Prescription Misuse and the Opioid Crisis
Kacik (2018) reported that more than half (52%) of Americans tested by Quest Diagnostics in 2017 misused prescription drugs, suggesting that medication adherence is increasingly more difficult as the opioid epidemic swells. Most of the misuse stemmed from positive results for nonprescribed or illegal drugs in addition to their prescriptions.
Indeed, about 10% of hospitalizations and 125,000 deaths annually in the United States stem from not taking medications as prescribed, according to one estimate. That can translate to as much as $289 billion per year in excess health-care costs (Kacik, 2018).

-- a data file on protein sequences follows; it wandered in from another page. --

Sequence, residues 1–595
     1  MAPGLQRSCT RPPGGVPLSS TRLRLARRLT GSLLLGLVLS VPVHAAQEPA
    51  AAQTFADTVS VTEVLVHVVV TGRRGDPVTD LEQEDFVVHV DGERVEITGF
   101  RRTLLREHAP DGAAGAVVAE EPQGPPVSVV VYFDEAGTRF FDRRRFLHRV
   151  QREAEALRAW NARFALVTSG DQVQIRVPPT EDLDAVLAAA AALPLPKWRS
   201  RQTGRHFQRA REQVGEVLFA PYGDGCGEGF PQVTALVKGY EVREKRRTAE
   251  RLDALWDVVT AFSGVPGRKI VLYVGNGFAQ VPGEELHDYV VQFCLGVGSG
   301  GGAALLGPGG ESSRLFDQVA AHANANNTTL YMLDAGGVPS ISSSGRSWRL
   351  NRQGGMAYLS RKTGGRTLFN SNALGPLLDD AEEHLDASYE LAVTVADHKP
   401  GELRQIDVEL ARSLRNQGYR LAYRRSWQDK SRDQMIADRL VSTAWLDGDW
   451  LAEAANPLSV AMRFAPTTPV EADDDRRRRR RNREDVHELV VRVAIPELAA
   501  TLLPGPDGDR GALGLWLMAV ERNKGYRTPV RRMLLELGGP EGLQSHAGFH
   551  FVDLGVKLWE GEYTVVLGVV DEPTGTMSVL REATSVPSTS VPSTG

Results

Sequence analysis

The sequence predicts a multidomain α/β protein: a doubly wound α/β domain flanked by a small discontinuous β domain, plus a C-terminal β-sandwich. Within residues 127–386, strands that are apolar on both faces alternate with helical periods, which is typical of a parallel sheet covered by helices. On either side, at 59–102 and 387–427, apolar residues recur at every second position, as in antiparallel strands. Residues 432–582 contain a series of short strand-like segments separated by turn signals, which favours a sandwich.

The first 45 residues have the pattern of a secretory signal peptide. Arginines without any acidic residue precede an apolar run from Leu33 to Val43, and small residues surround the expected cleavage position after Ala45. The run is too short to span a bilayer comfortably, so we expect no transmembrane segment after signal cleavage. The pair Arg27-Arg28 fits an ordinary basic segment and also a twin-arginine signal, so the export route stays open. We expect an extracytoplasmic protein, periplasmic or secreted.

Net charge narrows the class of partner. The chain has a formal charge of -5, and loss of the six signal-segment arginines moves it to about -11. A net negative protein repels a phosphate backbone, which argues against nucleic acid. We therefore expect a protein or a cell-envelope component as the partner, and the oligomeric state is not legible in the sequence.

Assume you are an office nurse in a small family practice. The physicians in the practice have recently attempted to alter their prescribing patterns to address a clearly mounting national problem. Sharp restrictions on opioid prescribing alone, however, will not solve the prescription drug epidemic. Because you have so much direct contact with patients in the practice, you want to be a part of the solution. Identify at least three leadership roles and three management functions that might allow you, as a member of the interprofessional team, to help address the problem. What interprofessional collaboration might be needed to help you implement these leadership roles and management functions?